Scott Oakley, Executive Director of the IGO, attests that Hart did not appeal the denial of ARP NCBI 0486-14. (Oakley Decl. Ex. 5, ECF No. 8-5). Hart, however, maintains that he did appeal the denial of ARP NCBI 0486-14. Further, Hart asserts that Oakley does not always respond to ARP appeals. (Opp'n Ex. A, at 1-2, ECF 12-1). In support of this contention, Hart has attached an affidavit of fellow inmate Donald R. Peuia, therein testifying that Oakley does not consistently respond after receiving a grievance complaint. (Opp'n Ex. B, at 4). Given these circumstances, the Court finds a genuine issue of material fact exists such that dismissal of the case based on Hart's failure to exhaust administrative remedies is inappropriate.

2. Constitutionally Protected Right of Access to the Courts

Next, Shearin argues Hart cannot establish that he was denied the fundamental constitutional right of access to the courts. The Court agrees.

"Section 1983 provides that [e]very person, ' who, under color of state law causes the violation of another's federal rights shall be liable to the party injured by his conduct. Owens v. Balt. City State's Attorneys Office, 767 F.3d 379, 402 (4th Cir. 2014). Section 1983 "is not itself a source of substantive rights, ' but merely provides a method for vindicating federal rights elsewhere conferred.'" Albright v. Oliver, 510 U.S. 266, 271 (1994) (quoting Baker v. McCollan, 443 U.S. 137, 145 n.3 (1979)). To state a claim under § 1983, a plaintiff must allege (1) a right secured by the Constitution or laws of the United States was violated; and 2) that the alleged violation was committed by a "person acting under color of state law." West v. Atkins, 487 U.S. 42, 48 (1988).

It is well established that inmates have a constitutionally protected right of access to the courts. See Bounds v. Smith, 430 U.S. 817, 828 (1977). This requires "prison officials to provide indigent inmates with access to a reasonably adequate law library for preparation of legal actions.'" Id. at 829 (quoting Wolff v. McDonnell, 418 U.S. 539, 578-79 (1974)). There are, however, other acceptable means to assure meaningful access to the courts. See id.

Here, Hart alleges he missed court filing deadlines because he was denied access to the library when the prison was in lockdown status. Hart does not specify what legal materials he needed or why his inability to visit the law library prevented him from filing a timely Application for Leave to Appeal. Further, Shearin contends that Hart maintained the ability to request legal research material from the NBCI library during the prison lockdown, but failed to do so. Rebecca Hammons, NCBI Correctional Librarian, testified that inmates may write to the librarian via the institutional mail process to request materials. Additionally, she asserts that Hart made no requests for legal materials between January 15, 2013 and March 21, 2013. (Hammons Decl. Ex. 1, ECF No. 8-2). Hart failed to offer any evidence either refuting Hammons's assertion or establishing that Shearin or corrections staff impeded his efforts to obtain materials through this process. Thus, no evidence in the record supports Hart's allegation that he was unconstitutionally denied access to the library. Therefore, Hart has failed to establish that he has been denied a right secured by the Constitution or laws of the United States as required by § 1983.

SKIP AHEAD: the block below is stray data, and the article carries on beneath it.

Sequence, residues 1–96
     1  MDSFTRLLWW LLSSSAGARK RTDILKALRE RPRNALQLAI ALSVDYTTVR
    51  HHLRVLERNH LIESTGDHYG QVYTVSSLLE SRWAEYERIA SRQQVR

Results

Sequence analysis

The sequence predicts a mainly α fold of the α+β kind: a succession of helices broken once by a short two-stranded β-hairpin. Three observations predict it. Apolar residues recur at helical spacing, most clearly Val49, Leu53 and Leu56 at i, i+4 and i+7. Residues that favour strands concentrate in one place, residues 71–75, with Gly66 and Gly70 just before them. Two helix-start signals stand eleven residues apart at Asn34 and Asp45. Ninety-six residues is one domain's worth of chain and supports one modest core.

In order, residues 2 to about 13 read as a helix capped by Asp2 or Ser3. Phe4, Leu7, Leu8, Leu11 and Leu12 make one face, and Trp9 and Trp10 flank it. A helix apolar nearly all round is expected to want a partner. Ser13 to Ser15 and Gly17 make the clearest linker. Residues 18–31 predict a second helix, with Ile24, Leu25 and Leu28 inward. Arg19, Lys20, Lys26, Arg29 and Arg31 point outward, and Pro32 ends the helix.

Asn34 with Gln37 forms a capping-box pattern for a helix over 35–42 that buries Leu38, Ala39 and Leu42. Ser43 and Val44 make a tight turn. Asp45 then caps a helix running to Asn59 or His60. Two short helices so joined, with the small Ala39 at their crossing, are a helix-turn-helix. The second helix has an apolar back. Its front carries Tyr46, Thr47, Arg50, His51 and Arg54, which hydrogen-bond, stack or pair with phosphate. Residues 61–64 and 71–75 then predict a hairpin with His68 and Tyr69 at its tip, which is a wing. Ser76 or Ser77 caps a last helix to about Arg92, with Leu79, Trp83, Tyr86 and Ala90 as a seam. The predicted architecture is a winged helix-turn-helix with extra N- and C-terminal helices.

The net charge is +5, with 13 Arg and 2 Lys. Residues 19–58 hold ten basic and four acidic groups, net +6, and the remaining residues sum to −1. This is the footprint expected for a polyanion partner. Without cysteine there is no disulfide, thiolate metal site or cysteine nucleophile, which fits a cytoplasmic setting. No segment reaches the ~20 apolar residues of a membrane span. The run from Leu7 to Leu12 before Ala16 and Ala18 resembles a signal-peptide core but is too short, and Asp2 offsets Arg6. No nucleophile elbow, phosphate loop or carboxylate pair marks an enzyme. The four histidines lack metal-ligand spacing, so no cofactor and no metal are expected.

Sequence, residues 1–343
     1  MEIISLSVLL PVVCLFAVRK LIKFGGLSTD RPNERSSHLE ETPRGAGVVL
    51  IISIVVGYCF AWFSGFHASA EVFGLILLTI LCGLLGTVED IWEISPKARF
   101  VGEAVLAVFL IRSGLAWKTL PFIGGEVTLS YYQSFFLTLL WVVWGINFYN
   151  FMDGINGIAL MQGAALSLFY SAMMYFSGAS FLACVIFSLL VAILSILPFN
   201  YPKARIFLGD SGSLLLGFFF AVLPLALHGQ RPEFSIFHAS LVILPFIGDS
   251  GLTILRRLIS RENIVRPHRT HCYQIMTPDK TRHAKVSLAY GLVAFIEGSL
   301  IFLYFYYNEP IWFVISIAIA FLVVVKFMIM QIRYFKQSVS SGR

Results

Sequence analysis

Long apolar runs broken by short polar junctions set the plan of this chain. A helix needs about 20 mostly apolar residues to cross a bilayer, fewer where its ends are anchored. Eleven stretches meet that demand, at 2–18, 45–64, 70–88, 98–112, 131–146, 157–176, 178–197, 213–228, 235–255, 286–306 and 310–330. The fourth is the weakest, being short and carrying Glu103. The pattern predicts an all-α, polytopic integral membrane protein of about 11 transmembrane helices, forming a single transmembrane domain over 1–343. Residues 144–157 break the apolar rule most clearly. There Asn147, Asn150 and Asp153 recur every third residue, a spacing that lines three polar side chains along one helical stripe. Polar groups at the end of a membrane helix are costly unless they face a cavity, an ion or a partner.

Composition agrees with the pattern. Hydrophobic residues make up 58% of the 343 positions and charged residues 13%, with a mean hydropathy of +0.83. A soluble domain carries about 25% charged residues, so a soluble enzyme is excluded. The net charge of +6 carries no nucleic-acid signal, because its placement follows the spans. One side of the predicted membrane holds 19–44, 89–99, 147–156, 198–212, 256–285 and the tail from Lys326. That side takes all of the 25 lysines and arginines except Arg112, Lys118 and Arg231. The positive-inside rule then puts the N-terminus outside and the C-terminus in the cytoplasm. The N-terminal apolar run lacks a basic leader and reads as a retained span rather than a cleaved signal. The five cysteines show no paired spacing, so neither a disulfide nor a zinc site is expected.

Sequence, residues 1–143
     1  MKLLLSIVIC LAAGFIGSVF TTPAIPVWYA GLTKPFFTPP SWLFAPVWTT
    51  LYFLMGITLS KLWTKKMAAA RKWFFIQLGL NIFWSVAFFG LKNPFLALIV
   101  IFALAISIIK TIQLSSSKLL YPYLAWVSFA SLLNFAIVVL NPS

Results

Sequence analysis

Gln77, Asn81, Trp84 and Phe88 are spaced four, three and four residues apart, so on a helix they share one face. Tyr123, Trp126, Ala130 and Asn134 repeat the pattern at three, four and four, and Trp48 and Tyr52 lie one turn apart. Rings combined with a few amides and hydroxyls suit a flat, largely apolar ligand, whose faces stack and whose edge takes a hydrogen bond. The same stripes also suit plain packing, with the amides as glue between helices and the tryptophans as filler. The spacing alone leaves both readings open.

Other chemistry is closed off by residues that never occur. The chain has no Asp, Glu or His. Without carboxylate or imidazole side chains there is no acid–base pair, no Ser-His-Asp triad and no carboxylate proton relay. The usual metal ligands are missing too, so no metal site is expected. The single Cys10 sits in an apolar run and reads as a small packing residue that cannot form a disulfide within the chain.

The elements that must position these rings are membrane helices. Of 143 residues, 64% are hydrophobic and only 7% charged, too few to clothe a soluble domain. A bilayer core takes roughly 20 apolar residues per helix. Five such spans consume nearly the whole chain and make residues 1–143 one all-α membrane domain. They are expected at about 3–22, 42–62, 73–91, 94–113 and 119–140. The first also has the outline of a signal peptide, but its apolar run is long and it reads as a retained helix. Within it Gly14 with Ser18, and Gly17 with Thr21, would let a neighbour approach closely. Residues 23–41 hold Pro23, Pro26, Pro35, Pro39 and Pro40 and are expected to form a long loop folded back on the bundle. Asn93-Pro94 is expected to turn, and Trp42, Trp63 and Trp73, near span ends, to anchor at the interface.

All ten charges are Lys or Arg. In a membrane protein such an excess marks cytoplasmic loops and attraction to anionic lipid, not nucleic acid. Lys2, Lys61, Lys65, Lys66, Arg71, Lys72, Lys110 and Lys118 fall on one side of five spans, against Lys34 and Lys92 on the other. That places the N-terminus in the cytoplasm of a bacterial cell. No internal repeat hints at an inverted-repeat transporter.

Even assuming Hart could establish that a right secured by the Constitution was violated, § 1983 requires a showing of personal fault, whether based upon the defendant's own conduct or another's conduct in executing the defendant's policies or customs. See Monell v. N.Y. City Dep't of Social Servs., 436 U.S. 658, 690 (1978); Vinnedge v. Gibbs, 550 F.2d 926, 928 (4th Cir. 1977) (stating that for an individual defendant to be held liable pursuant to 42 U.S.C. § 1983, it must be affirmatively shown the official acted personally to deprive the plaintiff's rights). Thus, to the extent Hart seeks to hold Shearin responsible due solely to his role as a prison administrator, a claim based on the doctrine of respondeat superior has no place in § 1983 litigation. See Love-Lane v. Martin, 355 F.3d 766, 782 (4th Cir. 2004) (no respondeat superior liability under § 1983); see also Trulock v. Freeh, 275 F.3d 391, 402 (4th Cir. 2001) (no respondeat superior liability in a Bivens suit).

Supervisory liability under § 1983 must be supported with evidence that: (1) the supervisor had actual or constructive knowledge that his subordinate was engaged in conduct that posed a pervasive and unreasonable risk of constitutional injury to citizens like the plaintiff; (2) the supervisor's response to the knowledge was so inadequate as to show deliberate indifference to or tacit authorization of the alleged offensive practices; and (3) there was an affirmative causal link between the supervisor's inaction and the particular constitutional injury suffered by the plaintiff. See Shaw v. Stroud, 13 F.3d 791, 799 (4th Cir. 1994). Hart has provided no evidence demonstrating supervisory liability on the part of Shearin.

Because Hart has failed to establish that Shearin personally deprived him of his constitutional right of access to the courts, Shearin is entitled to qualified immunity. See Maciariello v. Sumner, 973 F.2d 295, 298 (4th Cir. 1992).

III. CONCLUSION

For the foregoing reasons, Shearin's Motion to Dismiss or, in the Alternative, Motion for Summary Judgment (ECF No. 8) will be GRANTED. Judgment will be entered in favor of Defendant and this case will be CLOSED by Order to follow.